(a) The plan to set up a plurality of legal systems…

      119. The Court sees no reason to depart from the Chamber’s conclusion that a plurality of legal systems, as proposed by Refah, cannot be considered to be compatible with the Convention system. In its judgment, the Chamber gave the following reasoning:

      “70. ... the Court considers that Refah’s proposal that there should be a plurality of legal systems would introduce into all legal relationships a distinction between individuals grounded on religion, would categorise everyone according to his religious beliefs and would allow him rights and freedoms not as an individual but according to his allegiance to a religious movement.

      The Court takes the view that such a societal model cannot be considered compatible with the Convention system, for two reasons.

      Firstly, it would do away with the State’s role as the guarantor of individual rights and freedoms and the impartial organiser of the practice of the various beliefs and religions in a democratic society, since it would oblige individuals to obey, not rules laid down by the State in the exercise of its above-mentioned functions, but static rules of law imposed by the religion concerned. But the State has a positive obligation to ensure that everyone within its jurisdiction enjoys in full, and without being able to waive them, the rights and freedoms guaranteed by the Convention (see, mutatis mutandis, Airey v. Ireland,  judgment of 9 October 1979, Series A no. 32, p. 14, § 25).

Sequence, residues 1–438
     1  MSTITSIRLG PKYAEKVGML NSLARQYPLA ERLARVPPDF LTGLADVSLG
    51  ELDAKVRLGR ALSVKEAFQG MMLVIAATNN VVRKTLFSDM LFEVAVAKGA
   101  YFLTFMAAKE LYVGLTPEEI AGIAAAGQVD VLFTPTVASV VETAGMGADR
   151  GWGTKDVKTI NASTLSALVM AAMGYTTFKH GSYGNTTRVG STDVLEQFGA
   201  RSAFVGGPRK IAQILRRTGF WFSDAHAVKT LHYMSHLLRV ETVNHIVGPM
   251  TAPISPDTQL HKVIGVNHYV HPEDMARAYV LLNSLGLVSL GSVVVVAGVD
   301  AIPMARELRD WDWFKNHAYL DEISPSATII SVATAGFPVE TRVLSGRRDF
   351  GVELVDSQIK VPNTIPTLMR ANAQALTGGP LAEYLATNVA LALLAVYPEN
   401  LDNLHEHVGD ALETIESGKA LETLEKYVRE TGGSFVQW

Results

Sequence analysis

Secondly, such a system would undeniably infringe the principle of non-discrimination between individuals as regards their enjoyment of public freedoms, which is one of the fundamental principles of democracy. A difference in treatment between individuals in all fields of public and private law according to their religion or beliefs manifestly cannot be justified under the Convention, and more particularly Article 14 thereof, which prohibits discrimination. Such a difference in treatment cannot maintain a fair balance between, on the one hand, the claims of certain religious groups who wish to be governed by their own rules and on the other the interest of society as a whole, which must be based on peace and on tolerance between the various religions and beliefs (see, mutatis mutandis, the judgment of 23 July 1968 in the “Belgian linguistic” case, Series A no. 6, pp. 33-35, §§ 9 and 10, and Abdulaziz, Cabales and Balkandali v. the United Kingdom, judgment of 28 May 1985, Series A no. 94, pp. 35-36, § 72).

      (b) Sharia…

      123. The Court concurs in the Chamber’s view that sharia is incompatible with the fundamental principles of democracy, as set forth in the Convention: